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Jul 31, 2013 by |

Supreme Court Rules on Protection for Whistleblowers

The United States Supreme Court has granted a petition to review a decision made by the Court of Appeals for the First Circuit. In Lawson v. FMR LLC, the decision in question, the Court of Appeals had previously declared that the whistleblower protection outlined in the Sarbanes-Oxley Act did not extend to employees of any publicly traded company’s contractors. Attorneys at bank fraud law firms in Alameda County say that the Supreme Court’s final ruling will outline what, if any, restrictions to protection exist in the Act.

In the Sarbanes-Oxley Act of 2002, Section 806, public companies are prohibited from retaliating against employees who file reports on suspected violations of the rules set forth by the Securities and Exchange Commission Act of 1934, or federal laws that deal with fraud. The Act, better known as SOX, protects whistleblowers from being harassed at work or fired if they report suspicious behavior or outright instances of law breaking and fraud.

Two former employees of FMR LLC, Jackie Lawson and Jonathan Zang, have brought separate lawsuits against their company, both claiming that they had experienced unlawful retaliation after bringing concerns about the practices of the Fidelity mutual funds companies. Both men had initially brought their complaints to the Occupational Safety and Health Administration, but were shut down by FMR LLC immediately afterwards. In their lawsuits, both Lawson and Zang state that FMR LLC had no right to act against them after they had filed complaints.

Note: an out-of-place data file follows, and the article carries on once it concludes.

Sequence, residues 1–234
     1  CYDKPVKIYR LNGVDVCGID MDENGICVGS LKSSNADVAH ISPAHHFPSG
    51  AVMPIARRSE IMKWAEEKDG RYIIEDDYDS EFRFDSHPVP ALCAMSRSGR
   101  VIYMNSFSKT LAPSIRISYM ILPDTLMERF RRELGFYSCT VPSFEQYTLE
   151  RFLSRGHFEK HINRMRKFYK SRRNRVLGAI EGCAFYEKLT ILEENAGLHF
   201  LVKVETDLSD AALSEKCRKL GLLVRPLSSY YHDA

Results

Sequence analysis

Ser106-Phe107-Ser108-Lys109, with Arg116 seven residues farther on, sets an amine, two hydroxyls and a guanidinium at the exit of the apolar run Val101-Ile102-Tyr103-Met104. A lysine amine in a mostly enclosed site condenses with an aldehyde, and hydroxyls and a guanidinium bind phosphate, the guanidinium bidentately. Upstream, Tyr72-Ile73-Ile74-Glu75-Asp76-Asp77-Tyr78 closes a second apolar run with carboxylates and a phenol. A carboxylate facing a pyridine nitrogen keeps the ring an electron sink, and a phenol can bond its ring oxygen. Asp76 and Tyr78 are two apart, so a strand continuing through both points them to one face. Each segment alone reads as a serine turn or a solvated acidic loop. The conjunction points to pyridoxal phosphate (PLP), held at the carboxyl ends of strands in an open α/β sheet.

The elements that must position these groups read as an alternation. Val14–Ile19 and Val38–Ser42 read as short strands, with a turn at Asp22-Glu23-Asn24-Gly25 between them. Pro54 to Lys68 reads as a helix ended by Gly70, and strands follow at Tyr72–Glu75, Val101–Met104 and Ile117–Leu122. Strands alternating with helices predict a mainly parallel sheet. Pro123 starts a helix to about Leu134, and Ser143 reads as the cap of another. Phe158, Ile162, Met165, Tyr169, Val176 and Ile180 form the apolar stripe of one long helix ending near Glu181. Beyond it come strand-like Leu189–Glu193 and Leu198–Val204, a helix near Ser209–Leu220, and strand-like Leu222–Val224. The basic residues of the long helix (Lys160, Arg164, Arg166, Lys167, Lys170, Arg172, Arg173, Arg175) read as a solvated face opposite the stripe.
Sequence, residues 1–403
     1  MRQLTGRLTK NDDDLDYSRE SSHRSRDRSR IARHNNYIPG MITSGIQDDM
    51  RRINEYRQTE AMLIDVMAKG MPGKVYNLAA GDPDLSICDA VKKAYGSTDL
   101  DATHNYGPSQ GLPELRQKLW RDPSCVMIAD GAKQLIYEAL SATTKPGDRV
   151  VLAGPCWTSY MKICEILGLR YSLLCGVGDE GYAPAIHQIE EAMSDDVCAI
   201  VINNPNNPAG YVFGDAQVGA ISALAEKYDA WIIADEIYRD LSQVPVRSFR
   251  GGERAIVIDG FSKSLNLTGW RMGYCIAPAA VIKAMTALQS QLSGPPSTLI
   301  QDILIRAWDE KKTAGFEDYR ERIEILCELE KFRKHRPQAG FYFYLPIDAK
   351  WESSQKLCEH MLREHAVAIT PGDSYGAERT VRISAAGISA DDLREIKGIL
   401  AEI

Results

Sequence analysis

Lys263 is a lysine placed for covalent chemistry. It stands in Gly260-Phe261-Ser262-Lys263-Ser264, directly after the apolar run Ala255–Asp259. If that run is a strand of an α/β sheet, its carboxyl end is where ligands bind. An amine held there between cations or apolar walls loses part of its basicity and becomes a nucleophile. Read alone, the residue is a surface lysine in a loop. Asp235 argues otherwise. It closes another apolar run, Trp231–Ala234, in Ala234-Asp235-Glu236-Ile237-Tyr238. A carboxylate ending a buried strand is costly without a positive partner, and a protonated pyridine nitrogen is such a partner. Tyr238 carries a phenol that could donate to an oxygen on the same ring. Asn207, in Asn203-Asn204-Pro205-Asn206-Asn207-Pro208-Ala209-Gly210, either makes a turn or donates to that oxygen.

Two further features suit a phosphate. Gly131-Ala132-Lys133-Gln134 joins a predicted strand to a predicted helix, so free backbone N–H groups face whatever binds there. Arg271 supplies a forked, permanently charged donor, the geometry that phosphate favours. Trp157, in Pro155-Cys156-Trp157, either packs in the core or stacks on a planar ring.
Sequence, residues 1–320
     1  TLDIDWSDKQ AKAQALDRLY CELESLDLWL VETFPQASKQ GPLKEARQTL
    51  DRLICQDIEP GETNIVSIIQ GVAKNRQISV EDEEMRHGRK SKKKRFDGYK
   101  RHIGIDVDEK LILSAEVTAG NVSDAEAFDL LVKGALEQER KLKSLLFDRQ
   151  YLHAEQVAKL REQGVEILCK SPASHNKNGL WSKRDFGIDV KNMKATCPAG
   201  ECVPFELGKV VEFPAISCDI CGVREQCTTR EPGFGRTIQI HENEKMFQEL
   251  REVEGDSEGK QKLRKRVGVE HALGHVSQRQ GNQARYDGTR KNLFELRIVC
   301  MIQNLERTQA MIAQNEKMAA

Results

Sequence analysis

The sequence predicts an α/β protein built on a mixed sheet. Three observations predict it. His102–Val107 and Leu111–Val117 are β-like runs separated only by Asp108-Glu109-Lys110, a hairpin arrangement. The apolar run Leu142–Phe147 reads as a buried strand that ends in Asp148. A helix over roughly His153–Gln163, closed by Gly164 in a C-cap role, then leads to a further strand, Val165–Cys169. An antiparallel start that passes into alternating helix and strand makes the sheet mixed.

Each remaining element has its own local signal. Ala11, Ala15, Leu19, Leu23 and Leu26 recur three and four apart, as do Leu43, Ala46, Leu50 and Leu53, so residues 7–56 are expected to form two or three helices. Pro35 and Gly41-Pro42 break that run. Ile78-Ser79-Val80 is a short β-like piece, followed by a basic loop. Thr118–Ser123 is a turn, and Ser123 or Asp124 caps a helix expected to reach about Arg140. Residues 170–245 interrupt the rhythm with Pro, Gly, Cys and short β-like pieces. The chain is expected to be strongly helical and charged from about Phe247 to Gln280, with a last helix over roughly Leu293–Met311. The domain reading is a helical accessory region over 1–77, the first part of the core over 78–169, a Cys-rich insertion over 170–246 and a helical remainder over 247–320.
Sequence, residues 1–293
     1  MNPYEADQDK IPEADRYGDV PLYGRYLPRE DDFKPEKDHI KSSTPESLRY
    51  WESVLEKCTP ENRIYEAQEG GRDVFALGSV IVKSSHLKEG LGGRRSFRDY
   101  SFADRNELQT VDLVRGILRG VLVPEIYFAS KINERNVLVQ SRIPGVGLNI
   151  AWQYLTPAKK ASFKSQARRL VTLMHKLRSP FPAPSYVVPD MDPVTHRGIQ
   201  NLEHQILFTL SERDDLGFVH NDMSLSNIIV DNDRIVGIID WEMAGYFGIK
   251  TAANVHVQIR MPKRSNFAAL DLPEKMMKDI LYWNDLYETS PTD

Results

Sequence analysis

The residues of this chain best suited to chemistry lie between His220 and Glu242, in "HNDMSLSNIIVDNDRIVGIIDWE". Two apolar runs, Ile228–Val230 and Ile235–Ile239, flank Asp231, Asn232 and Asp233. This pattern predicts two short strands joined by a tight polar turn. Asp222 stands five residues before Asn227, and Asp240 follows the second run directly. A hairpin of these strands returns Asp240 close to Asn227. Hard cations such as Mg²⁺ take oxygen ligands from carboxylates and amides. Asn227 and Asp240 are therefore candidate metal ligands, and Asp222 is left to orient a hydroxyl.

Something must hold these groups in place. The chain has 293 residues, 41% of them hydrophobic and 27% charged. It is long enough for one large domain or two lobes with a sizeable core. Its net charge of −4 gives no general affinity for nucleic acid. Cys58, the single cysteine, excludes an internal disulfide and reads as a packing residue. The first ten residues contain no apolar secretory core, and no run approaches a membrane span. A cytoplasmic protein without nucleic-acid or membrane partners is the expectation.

The company argued against the lawsuits with the claim that they were not obligated to avoid retaliation in this case, because SOX only provides protection to “covered employees” in 1514A(a), and offers no protection to the employees of private subsidiaries within public companies. FMR LLC demonstrated the difference between “contractor” and “subcontractor” in their employment policies, with the contractor and his employees excluded from whistleblower protection.

The two whistleblowing employees argued that their protection was included in the SOX section, even though they were contracted parties. On appeal, the First Circuit reversed the initial decision, instead ruling that SOX 1514A(a) specifically provides protection to employees of publicly traded companies, and makes no mention of private companies such as contractors. The court found that FMR LLC’s reading of the law was more natural, and said that Congress had not explicitly equated the list of agents who were banned from discriminating with the list of those protected by the Act.

Lawyers at bank fraud law firms in Alameda County say that the U.S. Supreme Court’s decision regarding the First Circuit’s reading will have a lasting impact on all future whistleblower cases. Protected persons will be clearly defined in the Supreme Court’s ruling, and the scope of SOX will be determined—whether it includes both private and public companies, or only public. The ruling will also determine the degree to which whistleblower cases will be referred to the Department of Labor.

At Alameda County-based Evans Law Firm, the experienced bank fraud attorneys offer legal advice, consultation, and representation to anyone who needs protection after reporting suspected fraud or other suspicious activity within his or her company. Call us today at 415-441-8669.

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